Kuroda Yoshitaka (黒田 孝高; December 22, 1546 - April 19, 1604) was a Japanese daimyō of the Sengoku period belonging to the Kuroda clan.
Also known as Kuroda Kanbei (黒田 官兵衛), he is remembered as a man of great ambition, and was among Toyotomi Hideyoshi's chief strategists and advisors.
Kuroda became a Christian when he was 38 years old and received Simeon Josui as his baptismal name. His witty, courageous, and loyal spirit was highly respected by his samurai.
Kuroda Yoshitaka was born in Himeji on December 22, 1546, the son of Kuroda Mototaka. The Kuroda clan is thought to have originated in the province of Ōmi. Yoshitaka's grandfather, Shigetaka, brought his family from Himeji and took up residence at Gochaku Castle (御着城), east of Himeji Castle.
Shigetaka was a senior servant of Kodera Masamoto, lord of Himeji, and was so highly praised that Shigetaka's son Mototaka was allowed to marry Masamoto's adopted daughter and use the surname Kodera. When his father Mototaka died, Yoshitaka became the head of the Kuroda family at the age of 21.
Yoshitaka succeeded his father in 1567, the same year he participated in the siege of Inabayama, when Oda Nobunaga defeated the Saitō clan of Mino province.
A few years later, together with Toyotomi Hideyoshi, he led the vanguard of the Oda clan during the invasion of the Chūgoku region and swore allegiance to the Oda. Yoshitaka, along with the weak Takenaka Hanbei, served as Hideyoshi's strategist and assistant during the campaign against the Mōri clan.
In 1577, the lord of Arioka/Itami Castle and vassal of Oda Nobunaga, Araki Murashige, allied himself with the Mōri and revolted against the Oda clan in Settsu province. Another ally, Kodera Masamoto, also plotted against the Oda secretly with the Araki.
At that point Yoshitaka went to Arioka Castle to intercede with the Araki not to become a deserter against the Oda, it was 1578, but he was taken prisoner. However, the Araki revolt ended with the siege of Itami (1579) and Yoshitaka's release.
However, the long imprisonment, with little room to sleep and sit, weakened Yoshitaka a lot that created a problem in his leg and lost the sight in one eye.
In 1585 he followed Hideyoshi in the Shikoku campaign. Shortly before 1587 Hideyoshi ordered Yoshitaka to lead an invasion into the island of Kyūshū. He was joined by the Christian daimyō Takayama Ukon.
After seeing the thriving Christian population of Kyūshū under Ukon's influence, Yoshitaka was baptized with the name Don Simeon (ドン-シメオン Don Shimeon).
After a visit to the Jesuit-controlled port of Nagasaki Hideyoshi became frightened of the powerful influence exerted by the Jesuits and Christian daimyō and in 1587 made his famous edict expelling foreign missionaries and ordering all Christian samurai under his rule to abandon their faith.
While Ukon resisted the edict and lost his status, Yoshitaka renounced his new religion and became a monk calling himself Josui (如水). Like Naitō Joan (who took his name from the Portuguese Joāo), Yoshitaka is believed to have chosen his new name from the Portuguese "Josué."
His most important act during his brief time as a Christian was his agreement to save a Jesuit mission in Bungo province when the Christian daimyō of that province, Ōtomo Sōrin, was under attack by the Shimazu clan.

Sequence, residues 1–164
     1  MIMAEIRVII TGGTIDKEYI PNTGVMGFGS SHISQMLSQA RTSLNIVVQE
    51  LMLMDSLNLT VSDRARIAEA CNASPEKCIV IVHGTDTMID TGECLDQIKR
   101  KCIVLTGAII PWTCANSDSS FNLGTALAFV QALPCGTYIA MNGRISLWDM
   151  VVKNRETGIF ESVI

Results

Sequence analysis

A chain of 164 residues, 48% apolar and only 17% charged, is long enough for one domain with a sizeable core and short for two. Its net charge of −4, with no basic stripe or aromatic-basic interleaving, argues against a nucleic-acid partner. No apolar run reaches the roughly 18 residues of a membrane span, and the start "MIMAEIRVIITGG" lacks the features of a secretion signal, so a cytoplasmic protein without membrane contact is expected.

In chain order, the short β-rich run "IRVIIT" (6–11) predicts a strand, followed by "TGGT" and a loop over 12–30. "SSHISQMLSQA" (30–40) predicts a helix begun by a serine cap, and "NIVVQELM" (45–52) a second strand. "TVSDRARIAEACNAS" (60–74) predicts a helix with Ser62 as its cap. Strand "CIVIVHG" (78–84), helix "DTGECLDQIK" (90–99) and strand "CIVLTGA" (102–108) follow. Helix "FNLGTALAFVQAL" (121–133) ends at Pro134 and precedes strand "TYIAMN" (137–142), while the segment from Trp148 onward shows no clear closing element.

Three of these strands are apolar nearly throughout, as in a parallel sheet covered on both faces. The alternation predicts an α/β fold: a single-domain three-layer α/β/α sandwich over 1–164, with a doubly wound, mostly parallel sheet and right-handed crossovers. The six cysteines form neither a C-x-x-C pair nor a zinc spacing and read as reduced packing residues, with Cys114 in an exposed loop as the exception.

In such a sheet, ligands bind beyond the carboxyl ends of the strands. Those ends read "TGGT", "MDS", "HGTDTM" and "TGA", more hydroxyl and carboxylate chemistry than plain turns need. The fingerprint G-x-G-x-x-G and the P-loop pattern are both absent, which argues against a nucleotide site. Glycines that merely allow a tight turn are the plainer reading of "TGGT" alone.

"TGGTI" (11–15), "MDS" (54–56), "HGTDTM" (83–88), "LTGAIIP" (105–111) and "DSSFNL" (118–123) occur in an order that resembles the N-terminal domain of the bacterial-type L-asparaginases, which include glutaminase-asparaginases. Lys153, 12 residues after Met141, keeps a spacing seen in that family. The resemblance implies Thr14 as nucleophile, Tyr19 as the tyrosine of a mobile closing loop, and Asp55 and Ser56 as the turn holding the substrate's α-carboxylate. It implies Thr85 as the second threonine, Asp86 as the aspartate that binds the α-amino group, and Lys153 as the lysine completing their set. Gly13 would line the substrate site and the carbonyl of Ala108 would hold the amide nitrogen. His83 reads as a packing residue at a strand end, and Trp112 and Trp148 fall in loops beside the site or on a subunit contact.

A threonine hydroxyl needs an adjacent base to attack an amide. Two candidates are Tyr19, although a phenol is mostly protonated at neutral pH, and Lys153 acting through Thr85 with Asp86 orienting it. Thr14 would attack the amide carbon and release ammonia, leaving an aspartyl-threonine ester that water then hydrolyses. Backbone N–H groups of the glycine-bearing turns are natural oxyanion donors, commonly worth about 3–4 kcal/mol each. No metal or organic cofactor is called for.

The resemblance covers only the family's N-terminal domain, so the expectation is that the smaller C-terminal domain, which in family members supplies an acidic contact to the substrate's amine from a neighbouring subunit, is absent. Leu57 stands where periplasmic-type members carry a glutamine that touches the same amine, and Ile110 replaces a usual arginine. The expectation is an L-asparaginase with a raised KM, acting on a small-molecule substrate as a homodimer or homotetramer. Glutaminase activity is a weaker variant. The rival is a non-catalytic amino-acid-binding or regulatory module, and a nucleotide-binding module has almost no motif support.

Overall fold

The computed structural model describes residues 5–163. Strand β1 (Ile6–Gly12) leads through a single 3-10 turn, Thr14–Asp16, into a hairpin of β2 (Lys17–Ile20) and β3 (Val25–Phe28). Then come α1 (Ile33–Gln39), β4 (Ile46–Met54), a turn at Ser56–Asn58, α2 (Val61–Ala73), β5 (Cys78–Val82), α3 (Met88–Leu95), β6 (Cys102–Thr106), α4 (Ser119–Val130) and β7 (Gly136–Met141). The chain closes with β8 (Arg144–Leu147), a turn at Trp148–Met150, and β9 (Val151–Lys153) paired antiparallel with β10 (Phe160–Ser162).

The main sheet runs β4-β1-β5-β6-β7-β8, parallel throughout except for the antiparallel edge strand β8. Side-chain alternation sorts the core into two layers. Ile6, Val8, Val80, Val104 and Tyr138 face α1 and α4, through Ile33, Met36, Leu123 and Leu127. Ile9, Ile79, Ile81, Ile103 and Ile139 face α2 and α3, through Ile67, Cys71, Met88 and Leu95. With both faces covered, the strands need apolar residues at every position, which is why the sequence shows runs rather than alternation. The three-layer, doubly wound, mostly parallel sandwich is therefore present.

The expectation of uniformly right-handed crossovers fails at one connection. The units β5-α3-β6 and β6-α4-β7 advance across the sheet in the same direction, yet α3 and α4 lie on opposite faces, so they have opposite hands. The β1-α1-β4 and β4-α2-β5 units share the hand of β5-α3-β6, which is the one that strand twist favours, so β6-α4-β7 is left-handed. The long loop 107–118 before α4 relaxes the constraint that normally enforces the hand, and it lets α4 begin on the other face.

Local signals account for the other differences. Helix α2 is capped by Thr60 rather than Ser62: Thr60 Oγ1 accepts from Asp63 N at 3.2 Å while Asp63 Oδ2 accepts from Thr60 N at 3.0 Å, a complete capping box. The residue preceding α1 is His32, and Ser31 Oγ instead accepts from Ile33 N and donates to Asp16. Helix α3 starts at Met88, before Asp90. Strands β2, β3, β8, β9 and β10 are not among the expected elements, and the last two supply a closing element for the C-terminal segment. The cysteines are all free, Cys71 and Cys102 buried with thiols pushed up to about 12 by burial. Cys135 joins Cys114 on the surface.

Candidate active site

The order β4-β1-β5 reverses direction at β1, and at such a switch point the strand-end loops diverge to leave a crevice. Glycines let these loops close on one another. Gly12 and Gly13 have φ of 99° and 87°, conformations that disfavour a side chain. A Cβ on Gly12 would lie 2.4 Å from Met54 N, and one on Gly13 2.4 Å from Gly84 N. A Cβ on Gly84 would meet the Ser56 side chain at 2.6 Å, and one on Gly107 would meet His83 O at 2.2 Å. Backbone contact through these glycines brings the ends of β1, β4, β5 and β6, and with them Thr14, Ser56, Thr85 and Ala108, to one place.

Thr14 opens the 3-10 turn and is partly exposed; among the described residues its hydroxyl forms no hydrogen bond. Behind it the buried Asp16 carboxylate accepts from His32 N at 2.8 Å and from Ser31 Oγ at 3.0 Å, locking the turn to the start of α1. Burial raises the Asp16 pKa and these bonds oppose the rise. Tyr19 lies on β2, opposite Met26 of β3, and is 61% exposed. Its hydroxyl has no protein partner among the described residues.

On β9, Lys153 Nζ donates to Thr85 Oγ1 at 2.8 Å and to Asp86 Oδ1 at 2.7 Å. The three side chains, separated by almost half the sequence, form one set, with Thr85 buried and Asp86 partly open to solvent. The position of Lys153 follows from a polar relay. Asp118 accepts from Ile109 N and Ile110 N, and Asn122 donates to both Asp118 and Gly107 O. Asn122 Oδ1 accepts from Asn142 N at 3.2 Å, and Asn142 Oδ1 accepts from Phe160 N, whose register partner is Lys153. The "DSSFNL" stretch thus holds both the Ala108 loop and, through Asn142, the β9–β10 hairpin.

As described in historical writings and contemporary television, Yoshitaka is thought to have been simultaneously feared by Hideyoshi, despite his attempts to underestimate his intelligence and influence.
Hideyoshi's fear is presumed to be due to his overwhelming debt to Yoshitaka that helped him reign over the entire country as shadow strategist. Given such power Hideyoshi might have feared being overthrown by Yoshitaka.
In addition, Yoshitaka had a strong friendship with Sen no Rikyū, known as the founder of the Japanese "wabi-cha" tea ceremony, who was later put to death by Hideyoshi himself.
Kuroda was a frugal person and sold military equipment and personal items to his vassals. He saved enough money to pay mercenaries in the Battle of Sekigahara because of his frugal mind.
His last words were, "Do not try to curry favor with others and do not covet wealth." During Hideyoshi's reign, he was also involved in the project for the construction of important castles: Himeji Castle, Nagoya Castle, Osaka Castle, and Hiroshima Castle.
After Hideyoshi's death in 1598 he moved closer to Tokugawa Ieyasu as his contrasts with Ishida Mitsunari were strong. During the Korean campaign of 1597-98 progress was marginal prompting Hideyoshi to send Ishida Mitsunari to inspect the expeditionary forces.
Ishida had accused Kobayakawa Hideaki of incompetence, an accusation that forced Hideaki to return home and indirectly besmirched Yoshitaka's honor. In addition, Mitsunari had left some derogatory comments about both Yoshitaka and his son Nagamasa.
In 1600, therefore, the Kuroda sided with the Tokugawa; Nagamasa went to serve in Ieyasu's army while Yoshitaka led a force to fight on the island of Kyūshū during the Battle of Ishigakibara.
Yoshitaka was able to unite with Katō Kiyomasa (who held considerable power in Higo) and together they conquered several castles affiliated with the "western" forces in the provinces of Bungo and Chikuzen. They were preparing to invade the lands of the Shimazu clan when the war ended.
After the victory at Sekigahara, Yoshitaka retired, although he later used his political influence to save the life of Ōtomo Yoshimune and helped the Shimazu maintain their rule.
Yoshitaka died on April 19, 1604, and was succeeded by his son Nagamasa. His tomb is located at the Namazuta area in Iizuka, near the original site of Namazuta Castle.
The eight tigers of Kuroda (黒田八虎, Kuroda Hakko) were eight important generals who served Yoshitaka.